/Harley Quinn’s Style Evolution From Jester Sidekick To Badass Broad

Harley Quinn’s Style Evolution From Jester Sidekick To Badass Broad

The pages of comic books may be rife with powerful female characters, but when it comes to the fictional women fans can’t get enough of, Harleen Quinzel reigns supreme. The maniacal former mental health professional now known as Harley Quinn is many things: the Joker’s ex-girlfriend, the unhinged leader of her own girl gang, and resident badass of the DC Universe.

But she didn’t get to the top without a bit of reinvention. She’s shed her Harley “skin” several times, from her first appearance in Batman: The Animated Series through her latest starring role in Birds of Prey — and she’s turned into a veritable fashion icon in the process. In fact, her style has evolved just as much as her character.

How has she progressed from a humble harlequin into a fully emancipated antihero? Beautifully, thank you very much — and she didn’t need Mistah J’s help to do it. Let’s take a look at Harley’s evolution from jester sidekick to colorful star of her own franchise.

Batman: The Animated Series’ classic jester look 

Warner Bros. Television Distribution

When Harley Quinn first appeared in the Batman: The Animated Series episode “Joker’s Favor,” she was meant as a one-off role. Originally conceived as a generic henchwoman, she was kept on, becoming a love interest for the Joker.

This launched years’ worth of an incredibly toxic relationship that found Harley at Joker’s beck and call. Deeply infatuated with the crazed villain, Harley was very much a brainwashed, submissive victim of the Joker’s unhinged charms. This costume represented some of the most unhealthy moments of their one-sided relationship.

There was little fanfare to her debut, but there didn’t have to be, as her look was striking enough: a young woman in a jester costume, with crimson and black color blocks as well as a black domino mask and white facial makeup. Her teeth, like Joker’s, were slightly yellowed, highlighted with black lipstick that gave her a macabre edge. She often relied on a diamond pattern for several of her accessories, a “calling card” of sorts, in addition to her harlequin outfit, and that look has remained over the course of her evolution as a character — even in the upcoming Birds of Prey.

“The classic diamond and rhombus motif was really important for me to maintain and to keep,” Birds of Prey costume director Erin Benach told MTV News about Harley’s new look in the film, which took inspiration from the character’s classic harlequin suit as an homage to Quinn’s roots.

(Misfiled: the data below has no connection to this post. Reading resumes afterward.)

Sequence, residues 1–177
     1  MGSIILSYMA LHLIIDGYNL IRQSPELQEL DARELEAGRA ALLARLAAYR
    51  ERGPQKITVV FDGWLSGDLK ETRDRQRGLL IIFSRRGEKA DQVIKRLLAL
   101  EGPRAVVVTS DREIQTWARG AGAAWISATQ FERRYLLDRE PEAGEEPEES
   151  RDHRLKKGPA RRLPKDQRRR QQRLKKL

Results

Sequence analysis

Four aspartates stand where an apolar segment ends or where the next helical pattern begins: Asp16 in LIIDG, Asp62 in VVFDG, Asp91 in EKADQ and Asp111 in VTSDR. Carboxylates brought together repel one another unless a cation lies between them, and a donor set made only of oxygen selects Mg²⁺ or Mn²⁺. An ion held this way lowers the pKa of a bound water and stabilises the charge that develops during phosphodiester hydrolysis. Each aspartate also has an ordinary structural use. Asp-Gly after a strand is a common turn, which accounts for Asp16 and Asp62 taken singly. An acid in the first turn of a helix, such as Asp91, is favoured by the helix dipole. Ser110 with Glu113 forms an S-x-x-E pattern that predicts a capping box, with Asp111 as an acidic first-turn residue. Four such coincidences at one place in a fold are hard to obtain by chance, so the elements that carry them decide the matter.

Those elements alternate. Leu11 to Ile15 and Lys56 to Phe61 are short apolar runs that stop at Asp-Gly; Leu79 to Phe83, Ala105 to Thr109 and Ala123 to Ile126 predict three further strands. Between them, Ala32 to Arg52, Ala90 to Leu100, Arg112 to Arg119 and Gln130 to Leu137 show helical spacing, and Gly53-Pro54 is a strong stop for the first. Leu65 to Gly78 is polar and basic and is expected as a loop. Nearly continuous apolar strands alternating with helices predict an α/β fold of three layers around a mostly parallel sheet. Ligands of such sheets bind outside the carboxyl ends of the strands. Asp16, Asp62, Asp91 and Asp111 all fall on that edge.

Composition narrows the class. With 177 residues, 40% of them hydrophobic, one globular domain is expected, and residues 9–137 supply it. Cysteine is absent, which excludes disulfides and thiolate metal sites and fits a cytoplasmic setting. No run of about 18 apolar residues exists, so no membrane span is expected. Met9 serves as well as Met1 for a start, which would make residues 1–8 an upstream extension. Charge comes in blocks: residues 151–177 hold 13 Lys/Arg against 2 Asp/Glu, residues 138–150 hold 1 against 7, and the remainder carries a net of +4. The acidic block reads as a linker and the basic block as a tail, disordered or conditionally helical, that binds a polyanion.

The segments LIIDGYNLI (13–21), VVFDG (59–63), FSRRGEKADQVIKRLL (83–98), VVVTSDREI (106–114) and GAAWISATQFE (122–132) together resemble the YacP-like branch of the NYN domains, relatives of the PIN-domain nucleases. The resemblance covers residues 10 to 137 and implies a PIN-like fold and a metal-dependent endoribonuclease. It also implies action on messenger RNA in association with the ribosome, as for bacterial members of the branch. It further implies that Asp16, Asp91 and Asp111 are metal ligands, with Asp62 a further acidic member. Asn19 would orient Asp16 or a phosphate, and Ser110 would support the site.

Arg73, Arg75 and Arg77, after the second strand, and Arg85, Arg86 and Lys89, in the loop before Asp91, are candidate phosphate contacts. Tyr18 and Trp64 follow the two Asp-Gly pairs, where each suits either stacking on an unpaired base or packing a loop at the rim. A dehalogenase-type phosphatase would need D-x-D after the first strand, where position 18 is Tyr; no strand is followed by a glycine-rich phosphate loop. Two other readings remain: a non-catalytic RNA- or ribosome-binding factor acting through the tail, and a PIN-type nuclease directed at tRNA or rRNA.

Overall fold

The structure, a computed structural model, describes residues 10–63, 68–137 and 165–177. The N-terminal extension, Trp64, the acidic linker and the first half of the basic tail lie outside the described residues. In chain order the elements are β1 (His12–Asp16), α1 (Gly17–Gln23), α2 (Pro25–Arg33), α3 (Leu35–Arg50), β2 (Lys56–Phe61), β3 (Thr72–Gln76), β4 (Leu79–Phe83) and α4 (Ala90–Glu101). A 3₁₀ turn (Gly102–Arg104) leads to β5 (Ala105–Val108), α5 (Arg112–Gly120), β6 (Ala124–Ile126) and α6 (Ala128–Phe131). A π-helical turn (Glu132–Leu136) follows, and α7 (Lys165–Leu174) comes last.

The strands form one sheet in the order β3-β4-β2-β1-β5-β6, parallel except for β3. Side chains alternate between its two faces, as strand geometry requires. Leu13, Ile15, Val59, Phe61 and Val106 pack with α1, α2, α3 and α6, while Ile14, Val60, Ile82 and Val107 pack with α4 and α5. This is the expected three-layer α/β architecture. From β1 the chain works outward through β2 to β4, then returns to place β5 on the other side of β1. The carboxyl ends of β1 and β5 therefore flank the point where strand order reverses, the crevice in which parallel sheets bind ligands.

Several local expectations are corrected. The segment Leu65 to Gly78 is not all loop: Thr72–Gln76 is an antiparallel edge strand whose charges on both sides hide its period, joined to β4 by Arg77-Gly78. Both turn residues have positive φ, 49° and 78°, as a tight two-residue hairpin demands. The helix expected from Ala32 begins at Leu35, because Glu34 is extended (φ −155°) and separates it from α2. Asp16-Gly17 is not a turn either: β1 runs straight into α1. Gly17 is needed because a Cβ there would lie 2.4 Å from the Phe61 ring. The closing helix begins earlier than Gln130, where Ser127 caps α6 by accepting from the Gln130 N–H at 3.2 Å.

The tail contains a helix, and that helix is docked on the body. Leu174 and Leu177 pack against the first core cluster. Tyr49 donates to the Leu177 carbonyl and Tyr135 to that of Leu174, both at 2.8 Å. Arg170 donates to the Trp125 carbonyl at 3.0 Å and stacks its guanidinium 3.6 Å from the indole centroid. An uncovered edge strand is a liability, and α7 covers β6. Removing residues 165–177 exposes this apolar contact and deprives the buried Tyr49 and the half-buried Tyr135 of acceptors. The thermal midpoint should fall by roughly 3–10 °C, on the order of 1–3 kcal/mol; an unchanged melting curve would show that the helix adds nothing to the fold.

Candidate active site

“I think it was something so endemic to her character and so easy to play off of that we wanted to keep that.”

But the harlequin outfit was far from Harley’s only look, even during her original debut. She was seen later on in the episode dressed up as a policewoman carrying a massive, three-tiered cake, and this role revealed her her blue eyes, blonde hair, and red lipstick, all remnants of her previous life as psychiatrist Dr. Harleen Quinzel. These brief glimpses into this version of Harley came few and far between, but they reminded us that she was still human under the clown makeup and bodysuit — but just barely.

Harley was seen in this iconic look for years to come throughout various comic installments, such as the iconic Mad Love origin story that explored her transformation into the clown princess we grew to love today. It’s remained consistently representative of Joker’s influence and control over Harley, and each time we see Harley donning the suit, she’s very much under his thumb. It’s since carried over into additional properties, including the latest DC Universe animated series Harley Quinn, though she only wore it for one episode.

Suicide Squad’s Joker-centric wardrobe

Warner Bros. Pictures

Just as the harlequin bodysuit of Batman: The Animated Series represents Harley’s obsession with Joker, nearly every aspect of Harley’s wardrobe in Suicide Squad proclaims submission to Joker.

Harley’s ditched the jester outfit, but in its place is a ripped red and white T-shirt that proclaims “Daddy’s Lil’ Monster” paired with red and blue sequined hot pants and a studded black belt. Over the T-shirt, Harley even dons a satin bomber jacket that reads Property of Joker” in cursive script.

Her platinum blonde hair is tied into two loose ponytails with a pale pink-and-blue dip dye. She’s clad in pasty white makeup with black eyeliner, red lipstick, and a black heart tattoo on her right cheek. It isn’t her only tattoo; she has several, many of them showing off her love for Joker.

A series of thigh tattoos read “Harley + Puddin,” “I’ll wait forever” (a reference to Joker’s incarceration), and even an inked version of “Daddy’s Lil’ Monster” on her chest. It’s all about ensuring everyone knows who she’s with — her emotional dependency on Joker is palpable throughout the entirety of the film. This body art has transformed dramatically in Birds of Prey, but not as much as her wardrobe. In that film, she’s free to explore her personality through the clothes she wears, which regularly reflect the nature of the world around her.